Rationality for Engineers: Part I- Setting the scene


Brunel University, London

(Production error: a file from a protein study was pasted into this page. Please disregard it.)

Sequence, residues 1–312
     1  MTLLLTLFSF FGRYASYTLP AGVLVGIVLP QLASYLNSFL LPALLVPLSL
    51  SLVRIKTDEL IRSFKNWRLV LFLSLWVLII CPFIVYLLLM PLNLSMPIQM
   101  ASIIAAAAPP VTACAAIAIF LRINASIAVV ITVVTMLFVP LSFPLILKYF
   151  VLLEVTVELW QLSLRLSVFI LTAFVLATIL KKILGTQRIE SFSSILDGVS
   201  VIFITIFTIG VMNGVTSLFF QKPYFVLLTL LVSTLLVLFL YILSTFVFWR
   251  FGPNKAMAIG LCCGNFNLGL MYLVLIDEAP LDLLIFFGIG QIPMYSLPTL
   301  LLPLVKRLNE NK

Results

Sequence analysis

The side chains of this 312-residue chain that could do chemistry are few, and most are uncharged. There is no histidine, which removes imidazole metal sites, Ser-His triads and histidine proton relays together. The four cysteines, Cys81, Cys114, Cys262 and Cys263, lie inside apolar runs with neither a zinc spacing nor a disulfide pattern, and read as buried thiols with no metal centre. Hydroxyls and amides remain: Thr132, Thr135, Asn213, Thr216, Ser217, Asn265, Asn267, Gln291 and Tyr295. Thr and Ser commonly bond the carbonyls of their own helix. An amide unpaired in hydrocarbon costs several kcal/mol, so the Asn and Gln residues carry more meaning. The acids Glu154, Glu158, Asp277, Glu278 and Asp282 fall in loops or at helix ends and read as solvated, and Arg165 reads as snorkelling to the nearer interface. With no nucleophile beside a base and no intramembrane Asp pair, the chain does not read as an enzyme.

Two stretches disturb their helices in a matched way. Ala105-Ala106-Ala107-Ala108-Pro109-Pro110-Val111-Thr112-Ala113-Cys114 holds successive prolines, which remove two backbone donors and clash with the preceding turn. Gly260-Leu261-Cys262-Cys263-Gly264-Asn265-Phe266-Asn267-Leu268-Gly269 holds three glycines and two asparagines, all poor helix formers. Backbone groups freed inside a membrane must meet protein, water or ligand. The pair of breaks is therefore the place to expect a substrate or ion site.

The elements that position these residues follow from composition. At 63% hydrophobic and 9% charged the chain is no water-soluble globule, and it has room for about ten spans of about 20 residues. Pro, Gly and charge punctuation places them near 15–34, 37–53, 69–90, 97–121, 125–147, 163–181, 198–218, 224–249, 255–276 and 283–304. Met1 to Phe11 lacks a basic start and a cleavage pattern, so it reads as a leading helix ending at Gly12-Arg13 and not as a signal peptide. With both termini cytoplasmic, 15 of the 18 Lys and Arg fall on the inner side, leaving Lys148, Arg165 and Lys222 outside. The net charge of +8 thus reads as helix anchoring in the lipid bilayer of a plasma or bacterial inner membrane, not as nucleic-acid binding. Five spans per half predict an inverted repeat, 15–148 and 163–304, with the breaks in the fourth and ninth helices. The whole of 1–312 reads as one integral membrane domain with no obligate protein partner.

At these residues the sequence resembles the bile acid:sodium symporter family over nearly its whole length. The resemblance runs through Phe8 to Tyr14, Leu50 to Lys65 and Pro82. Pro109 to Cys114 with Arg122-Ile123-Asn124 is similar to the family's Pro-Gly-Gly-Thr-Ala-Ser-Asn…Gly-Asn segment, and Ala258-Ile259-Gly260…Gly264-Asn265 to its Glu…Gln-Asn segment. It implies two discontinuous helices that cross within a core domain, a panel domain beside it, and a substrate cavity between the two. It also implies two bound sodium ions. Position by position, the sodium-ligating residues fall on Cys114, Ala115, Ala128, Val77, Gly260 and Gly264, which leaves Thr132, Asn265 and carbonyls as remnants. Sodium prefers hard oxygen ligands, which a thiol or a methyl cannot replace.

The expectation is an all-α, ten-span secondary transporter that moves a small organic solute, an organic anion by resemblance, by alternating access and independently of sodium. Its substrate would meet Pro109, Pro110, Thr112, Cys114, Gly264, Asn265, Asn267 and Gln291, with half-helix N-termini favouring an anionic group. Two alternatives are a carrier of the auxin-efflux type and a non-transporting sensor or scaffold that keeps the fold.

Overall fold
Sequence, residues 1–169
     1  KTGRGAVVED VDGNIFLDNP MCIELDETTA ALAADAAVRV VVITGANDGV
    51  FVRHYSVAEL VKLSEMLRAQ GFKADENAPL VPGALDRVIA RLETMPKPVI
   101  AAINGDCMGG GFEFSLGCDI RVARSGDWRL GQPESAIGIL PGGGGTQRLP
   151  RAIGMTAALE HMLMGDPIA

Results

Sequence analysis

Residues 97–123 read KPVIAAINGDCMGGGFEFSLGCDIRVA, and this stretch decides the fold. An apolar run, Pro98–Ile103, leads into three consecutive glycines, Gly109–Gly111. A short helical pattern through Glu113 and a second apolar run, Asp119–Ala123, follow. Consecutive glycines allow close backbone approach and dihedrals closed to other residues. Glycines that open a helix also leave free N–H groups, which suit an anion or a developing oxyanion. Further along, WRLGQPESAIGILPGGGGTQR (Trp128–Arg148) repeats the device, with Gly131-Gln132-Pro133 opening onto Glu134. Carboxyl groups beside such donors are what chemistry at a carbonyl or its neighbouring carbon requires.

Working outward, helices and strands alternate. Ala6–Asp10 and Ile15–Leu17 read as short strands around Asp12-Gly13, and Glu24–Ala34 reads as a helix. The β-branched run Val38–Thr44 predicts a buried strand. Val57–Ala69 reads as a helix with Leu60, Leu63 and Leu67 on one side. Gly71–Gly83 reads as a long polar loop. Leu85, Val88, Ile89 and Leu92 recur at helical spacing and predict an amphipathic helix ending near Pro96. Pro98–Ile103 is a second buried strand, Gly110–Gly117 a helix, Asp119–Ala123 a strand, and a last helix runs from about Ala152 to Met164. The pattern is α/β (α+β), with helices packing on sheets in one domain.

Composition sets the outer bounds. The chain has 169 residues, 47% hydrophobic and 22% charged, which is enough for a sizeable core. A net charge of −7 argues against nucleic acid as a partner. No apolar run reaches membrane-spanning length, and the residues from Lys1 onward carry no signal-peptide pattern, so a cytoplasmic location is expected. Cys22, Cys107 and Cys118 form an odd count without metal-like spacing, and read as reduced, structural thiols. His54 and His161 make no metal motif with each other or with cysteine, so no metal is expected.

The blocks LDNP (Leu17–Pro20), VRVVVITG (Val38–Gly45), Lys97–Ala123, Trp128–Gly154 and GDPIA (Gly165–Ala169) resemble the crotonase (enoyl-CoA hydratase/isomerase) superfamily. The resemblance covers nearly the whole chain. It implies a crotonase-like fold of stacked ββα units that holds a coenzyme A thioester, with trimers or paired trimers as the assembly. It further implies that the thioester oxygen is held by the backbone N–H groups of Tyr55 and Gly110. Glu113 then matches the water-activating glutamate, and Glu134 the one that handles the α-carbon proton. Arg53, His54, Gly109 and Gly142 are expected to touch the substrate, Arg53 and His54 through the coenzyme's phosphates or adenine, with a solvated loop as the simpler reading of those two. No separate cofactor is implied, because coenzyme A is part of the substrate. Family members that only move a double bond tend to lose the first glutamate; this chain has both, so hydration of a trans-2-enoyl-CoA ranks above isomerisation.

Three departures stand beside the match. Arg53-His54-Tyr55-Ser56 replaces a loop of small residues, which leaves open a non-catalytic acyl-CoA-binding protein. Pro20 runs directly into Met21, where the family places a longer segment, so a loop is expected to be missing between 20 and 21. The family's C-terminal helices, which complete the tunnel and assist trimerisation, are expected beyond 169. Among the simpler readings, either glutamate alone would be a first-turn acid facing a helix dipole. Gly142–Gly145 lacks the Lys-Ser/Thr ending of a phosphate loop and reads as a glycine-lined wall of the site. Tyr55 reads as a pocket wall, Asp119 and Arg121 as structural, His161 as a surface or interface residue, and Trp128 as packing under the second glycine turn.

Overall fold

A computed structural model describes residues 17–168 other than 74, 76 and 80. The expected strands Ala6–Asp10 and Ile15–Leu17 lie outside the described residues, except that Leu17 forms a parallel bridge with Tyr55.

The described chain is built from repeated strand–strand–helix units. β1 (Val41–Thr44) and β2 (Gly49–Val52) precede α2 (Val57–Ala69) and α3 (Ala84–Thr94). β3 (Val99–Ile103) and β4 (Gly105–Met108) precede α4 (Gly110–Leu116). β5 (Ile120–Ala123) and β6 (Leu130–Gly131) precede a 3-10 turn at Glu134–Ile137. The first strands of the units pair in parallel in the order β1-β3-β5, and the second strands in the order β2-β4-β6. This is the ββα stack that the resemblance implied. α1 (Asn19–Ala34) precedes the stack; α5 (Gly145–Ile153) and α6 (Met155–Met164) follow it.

The truly complex element of modern times is not the technology, but the engineers who develop, design, manufacture, and maintain it. An engineer’s job is to change/improve existing situations into more desirable ones, as well as to respond to the demands or needs of society. Engineers cannot wait until all phenomena and their implications are well understood. Engineers have worked for centuries solving problems with limited information and knowledge and are presumed to be rational decision-makers. Then, how do engineers make their decisions with limited knowledge, time, and cognitive capacity in a variety of domains? Engineers require understanding what part of information can be ignored, and what situations require fast, and timely response, resulting hopefully in a better decision by freeing cognitive capacity to make it.  A rational decision-maker should choose an option that maximizes the expected benefits (utilities), although there may be significant hurdles in achieving such goals, especially in emergencies where time pressure is acute.  To overcome these hurdles, most engineers revert to “rules-of-thumb”, also known as heuristics. Heuristics are experience-based methods of gut feelings that can be used as an aid to solve specific problems in a particular environment. Heuristics, however, are imperfect; thus, engineers must understand their limitations. Their applicability is also limited by the context under which they were derived as well as their fit with the environment of the problem at hand.  The overall objective of these four-part papers is to discuss heuristics and how they can make decision-making easier and faster for engineers. These papers also remind them of their own cognitive biases and describe ways of avoiding them. This first part aims to set the scene by providing background information. These papers address the type of rationality that engineers need to be effective build on the existing literature and liberally draws from them. Engineers cannot march on the spot while thinking for a solution, they must think while moving forward, thus there is a danger not starting on the right foot.


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